In general, I’d recommend a separate migration step. It doesn’t eliminate the possibility of these collisions, but it does reduce the probability by multiple orders of magnitude.

There is, but you’ve gotta figure out what your source of truth is. For example, IIRC Avram uses the DB schema as it existed when the app was compiled, which seems to align with Sequel and ActiveRecord’s approach — they do it on DB connection/app boot, but Crystal can’t define methods at runtime. Interro uses methods you define on your query objects, pushing the responsibility of type safety to the app developer.

If you want your source of truth to be the model’s instance variables, you need to guarantee the schema matches them any time you interact with data. It seems that’s what you were trying to achieve by running DDL queries on startup, but again, be careful there.

A couple different ways I can think of to do this. One is to update them in-place like you’re doing:

def update(**kwargs)
  sql = ...
  args = ...

  Db.exec sql, args: args, as: self.class

  kwargs.each do |key, value|
    # We need to `begin` the macro here so the parser doesn't think
    # the macro code is just a single `when` clause, because that
    # isn't a valid Crystal expression on its own. We have to tell
    # it to encompass the full `case` expression.
    # See: https://crystal-lang.org/reference/1.2/syntax_and_semantics/macros/index.html#pitfalls
    {% begin %}
      case key
      {% for ivar in @type.instance_vars %}
        when :{{ivar.name}}
          @{{ivar.name}} = value
      {% end %}
      end
    {% end %}
  end
end

The other is to return the updated row from the query and assign all its ivars:

def update(**kwargs)
  sql = ...
  args = ...

  updated = Db.query_one sql, args: args, as: self.class

  {% for ivar in @type.instance_vars %}
    @{{ivar.name}} = updated.{{ivar.name}}
  {% end %}
end

Both of them are really doing the same thing but the second is arguably more flexible.

1 Like

Thank you for taking the time to explain in detail! Really appreciate it!

My intention was not build a comprehensive ORM but to build something that could be used quickly for prototyping purposes but I can see how this can easily get out of hand as with any other project! So, thank you for that warning!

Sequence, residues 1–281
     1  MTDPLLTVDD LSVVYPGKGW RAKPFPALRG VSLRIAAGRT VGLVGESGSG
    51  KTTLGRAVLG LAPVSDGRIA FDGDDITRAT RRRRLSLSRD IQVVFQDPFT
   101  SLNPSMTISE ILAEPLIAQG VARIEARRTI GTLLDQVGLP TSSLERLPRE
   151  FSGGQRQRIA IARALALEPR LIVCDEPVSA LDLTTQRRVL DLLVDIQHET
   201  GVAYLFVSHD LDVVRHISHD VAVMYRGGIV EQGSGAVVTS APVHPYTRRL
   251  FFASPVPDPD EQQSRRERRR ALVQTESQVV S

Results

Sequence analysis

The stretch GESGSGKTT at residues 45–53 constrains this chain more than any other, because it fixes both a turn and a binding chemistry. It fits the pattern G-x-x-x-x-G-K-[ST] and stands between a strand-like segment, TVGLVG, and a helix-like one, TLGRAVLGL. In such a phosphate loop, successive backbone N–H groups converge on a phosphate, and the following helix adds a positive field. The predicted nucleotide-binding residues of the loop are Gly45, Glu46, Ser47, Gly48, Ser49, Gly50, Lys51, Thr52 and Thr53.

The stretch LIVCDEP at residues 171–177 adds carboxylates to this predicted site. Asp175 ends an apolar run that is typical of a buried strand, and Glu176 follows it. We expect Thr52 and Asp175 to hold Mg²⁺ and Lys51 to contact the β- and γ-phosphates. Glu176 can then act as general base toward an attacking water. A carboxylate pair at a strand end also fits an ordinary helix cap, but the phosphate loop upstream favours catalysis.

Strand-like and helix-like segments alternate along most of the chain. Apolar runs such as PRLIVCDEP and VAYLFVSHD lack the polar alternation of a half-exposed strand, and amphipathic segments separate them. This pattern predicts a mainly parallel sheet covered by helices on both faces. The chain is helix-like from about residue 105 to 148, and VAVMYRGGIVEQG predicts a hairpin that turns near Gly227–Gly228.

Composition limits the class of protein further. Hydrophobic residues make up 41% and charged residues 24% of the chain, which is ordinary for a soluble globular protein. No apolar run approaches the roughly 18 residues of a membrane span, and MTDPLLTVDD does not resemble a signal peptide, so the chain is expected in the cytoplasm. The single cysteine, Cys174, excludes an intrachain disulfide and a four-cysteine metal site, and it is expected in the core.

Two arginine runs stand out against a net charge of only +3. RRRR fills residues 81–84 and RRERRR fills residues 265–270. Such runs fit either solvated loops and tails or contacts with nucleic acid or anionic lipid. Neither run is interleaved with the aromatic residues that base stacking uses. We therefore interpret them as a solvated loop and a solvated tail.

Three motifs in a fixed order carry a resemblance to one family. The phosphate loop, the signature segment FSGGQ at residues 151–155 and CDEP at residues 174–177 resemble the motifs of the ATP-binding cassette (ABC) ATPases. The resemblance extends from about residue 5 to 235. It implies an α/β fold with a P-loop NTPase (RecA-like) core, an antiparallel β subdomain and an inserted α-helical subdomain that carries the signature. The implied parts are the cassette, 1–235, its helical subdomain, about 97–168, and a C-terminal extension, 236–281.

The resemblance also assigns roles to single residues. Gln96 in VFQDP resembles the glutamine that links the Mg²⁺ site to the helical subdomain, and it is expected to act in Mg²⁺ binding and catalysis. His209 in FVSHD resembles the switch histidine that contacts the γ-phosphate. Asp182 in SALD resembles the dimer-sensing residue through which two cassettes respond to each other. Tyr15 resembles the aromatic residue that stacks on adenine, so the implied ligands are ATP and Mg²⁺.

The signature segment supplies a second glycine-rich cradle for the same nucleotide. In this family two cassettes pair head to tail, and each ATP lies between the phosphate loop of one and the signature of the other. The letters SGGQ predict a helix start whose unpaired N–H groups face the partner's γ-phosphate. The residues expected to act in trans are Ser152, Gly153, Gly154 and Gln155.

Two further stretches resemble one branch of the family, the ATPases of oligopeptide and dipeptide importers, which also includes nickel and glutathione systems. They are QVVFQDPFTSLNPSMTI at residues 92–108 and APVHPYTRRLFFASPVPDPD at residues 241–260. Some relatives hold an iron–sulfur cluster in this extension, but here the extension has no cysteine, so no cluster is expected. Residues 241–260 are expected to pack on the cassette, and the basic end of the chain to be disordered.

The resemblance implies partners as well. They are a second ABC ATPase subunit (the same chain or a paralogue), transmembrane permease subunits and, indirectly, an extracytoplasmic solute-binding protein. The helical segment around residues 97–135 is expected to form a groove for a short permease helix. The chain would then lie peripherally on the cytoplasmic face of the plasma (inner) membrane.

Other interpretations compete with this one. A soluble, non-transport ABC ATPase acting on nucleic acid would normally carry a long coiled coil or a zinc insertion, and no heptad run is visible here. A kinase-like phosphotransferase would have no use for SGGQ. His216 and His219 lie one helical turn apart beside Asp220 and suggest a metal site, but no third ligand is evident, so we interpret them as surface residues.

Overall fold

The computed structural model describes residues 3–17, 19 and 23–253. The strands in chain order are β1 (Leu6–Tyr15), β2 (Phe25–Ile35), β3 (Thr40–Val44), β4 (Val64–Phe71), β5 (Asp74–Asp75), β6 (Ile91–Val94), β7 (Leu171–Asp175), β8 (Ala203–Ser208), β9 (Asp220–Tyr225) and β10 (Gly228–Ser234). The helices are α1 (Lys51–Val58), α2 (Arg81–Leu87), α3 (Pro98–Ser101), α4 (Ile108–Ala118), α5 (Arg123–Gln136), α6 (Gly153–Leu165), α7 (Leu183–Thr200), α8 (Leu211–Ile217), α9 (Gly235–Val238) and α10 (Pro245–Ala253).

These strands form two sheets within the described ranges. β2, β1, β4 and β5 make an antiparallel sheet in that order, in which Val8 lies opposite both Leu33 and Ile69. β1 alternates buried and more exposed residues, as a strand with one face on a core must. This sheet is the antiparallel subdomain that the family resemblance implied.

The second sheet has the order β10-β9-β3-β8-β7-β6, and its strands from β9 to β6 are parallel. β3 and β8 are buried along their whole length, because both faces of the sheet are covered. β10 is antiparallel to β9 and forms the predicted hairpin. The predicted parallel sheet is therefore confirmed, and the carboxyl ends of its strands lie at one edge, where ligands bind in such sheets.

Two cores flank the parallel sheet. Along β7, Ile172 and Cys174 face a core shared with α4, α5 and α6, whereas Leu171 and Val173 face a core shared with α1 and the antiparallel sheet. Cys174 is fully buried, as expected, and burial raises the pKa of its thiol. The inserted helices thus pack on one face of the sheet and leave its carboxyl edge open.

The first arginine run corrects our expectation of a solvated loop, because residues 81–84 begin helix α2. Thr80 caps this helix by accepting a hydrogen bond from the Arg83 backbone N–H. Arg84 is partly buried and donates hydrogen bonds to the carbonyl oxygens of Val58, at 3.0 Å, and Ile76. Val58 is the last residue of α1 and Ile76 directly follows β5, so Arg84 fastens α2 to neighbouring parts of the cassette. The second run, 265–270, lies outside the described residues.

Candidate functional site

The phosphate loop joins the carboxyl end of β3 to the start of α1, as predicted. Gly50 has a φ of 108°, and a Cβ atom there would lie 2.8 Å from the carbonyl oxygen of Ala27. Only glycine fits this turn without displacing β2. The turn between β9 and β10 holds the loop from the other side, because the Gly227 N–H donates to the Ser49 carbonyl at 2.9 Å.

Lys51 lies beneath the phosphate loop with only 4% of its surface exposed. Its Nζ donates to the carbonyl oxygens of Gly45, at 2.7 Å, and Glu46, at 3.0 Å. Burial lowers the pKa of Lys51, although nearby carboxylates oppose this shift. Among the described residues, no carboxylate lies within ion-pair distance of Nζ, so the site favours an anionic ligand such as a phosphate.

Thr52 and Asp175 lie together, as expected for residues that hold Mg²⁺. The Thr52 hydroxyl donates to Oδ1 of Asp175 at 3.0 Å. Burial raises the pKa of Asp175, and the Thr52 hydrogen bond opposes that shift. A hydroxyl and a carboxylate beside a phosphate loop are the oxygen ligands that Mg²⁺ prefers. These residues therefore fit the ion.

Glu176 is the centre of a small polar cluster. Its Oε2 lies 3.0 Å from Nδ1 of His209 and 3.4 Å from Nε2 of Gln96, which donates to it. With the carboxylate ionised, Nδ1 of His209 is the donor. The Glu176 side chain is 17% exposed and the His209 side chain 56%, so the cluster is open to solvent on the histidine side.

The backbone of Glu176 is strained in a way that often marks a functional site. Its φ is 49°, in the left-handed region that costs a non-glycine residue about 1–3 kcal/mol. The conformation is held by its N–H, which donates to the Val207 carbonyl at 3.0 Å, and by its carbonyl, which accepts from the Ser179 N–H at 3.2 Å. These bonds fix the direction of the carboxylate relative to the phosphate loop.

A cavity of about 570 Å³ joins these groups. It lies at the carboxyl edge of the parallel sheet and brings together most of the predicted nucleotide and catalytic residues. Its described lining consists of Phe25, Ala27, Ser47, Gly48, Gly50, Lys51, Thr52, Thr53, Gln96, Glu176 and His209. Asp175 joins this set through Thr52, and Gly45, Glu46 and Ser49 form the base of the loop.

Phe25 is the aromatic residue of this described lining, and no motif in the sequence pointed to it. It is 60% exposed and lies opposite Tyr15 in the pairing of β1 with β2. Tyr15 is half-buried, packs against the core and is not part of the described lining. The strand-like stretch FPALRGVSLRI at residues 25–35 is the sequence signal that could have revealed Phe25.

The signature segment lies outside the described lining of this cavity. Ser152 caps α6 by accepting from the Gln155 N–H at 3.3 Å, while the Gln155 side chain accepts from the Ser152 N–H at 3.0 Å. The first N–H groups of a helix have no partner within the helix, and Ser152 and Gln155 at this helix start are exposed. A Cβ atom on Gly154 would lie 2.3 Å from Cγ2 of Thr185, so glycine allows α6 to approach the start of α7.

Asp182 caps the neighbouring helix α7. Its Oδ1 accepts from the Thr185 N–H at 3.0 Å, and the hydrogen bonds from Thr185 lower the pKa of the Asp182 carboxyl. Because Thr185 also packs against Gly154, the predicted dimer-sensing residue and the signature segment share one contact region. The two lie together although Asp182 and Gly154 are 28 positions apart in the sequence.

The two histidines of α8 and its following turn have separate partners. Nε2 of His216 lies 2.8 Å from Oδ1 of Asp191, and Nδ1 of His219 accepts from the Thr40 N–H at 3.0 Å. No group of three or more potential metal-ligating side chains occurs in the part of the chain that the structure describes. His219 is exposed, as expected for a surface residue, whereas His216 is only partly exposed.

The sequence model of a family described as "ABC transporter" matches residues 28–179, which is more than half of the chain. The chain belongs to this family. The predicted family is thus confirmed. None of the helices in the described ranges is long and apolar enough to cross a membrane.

Got it. Instance variables not available inside the class but available only in the method is a bit surprising to me but I understand Crystal is still evolving but given the fact that Crystal doesn’t have reflection, it would be great if everything that could be done via reflection could be done via macros! I’ve resorted to code generation before and I was hoping to avoid it with this approach. Oh well.

Thank you for helping me think long term about this – I’ve no idea of Kubernetes but this is good to know!

I really wanted to use Avram but have been put off but the lack of documentation. Perhaps things have changes recently, I’ll take a look again. And thanks for introducing me to Interro, I now see where you’re coming from and those warnings make even more sense now! :slight_smile:

I love this approach better than mine since I realise a trigger could’ve updated other columns during the update!

Thanks once again for all your help! I’ll explore this some more for learning sake but given the complexity and limitations involved it looks to me I may have to stick with code generation for a while! ;)

1 Like

Can you elaborate here what you mean? I’m not following what you’re looking to do.

Hi @mdwagner, I was looking for a way to mimic the Sequel gem (from Ruby land) in Crystal. I intended to do that by writing code that would generate methods that would help with the CRUD operations for any given class (ie a Sequel::Model) but also extending it further by automatically creating and keeping tables up-to-date using class properties (instance variables become columns in a table named after the class name). I imagined macros could help but but it looks like, because of the way Crystal works, the list of instance variables are not available at the method signature level and are only available in the body so for the class above we’d have to resort to using a catch all **kwargs in the create method instead of type safe list of method arguments matching the column names. I’ve a crude solution in place using code generation which I was hoping to ditch if this macro solution worked but turns out I can yet because of this limitation. Hope that makes sense.

Gotcha. I’ve never used Sequel (although I come from the Ruby side as well), but you could take a look at jennifer.cr, which does some interesting stuff with macros similar to what I think you’re looking for.

1 Like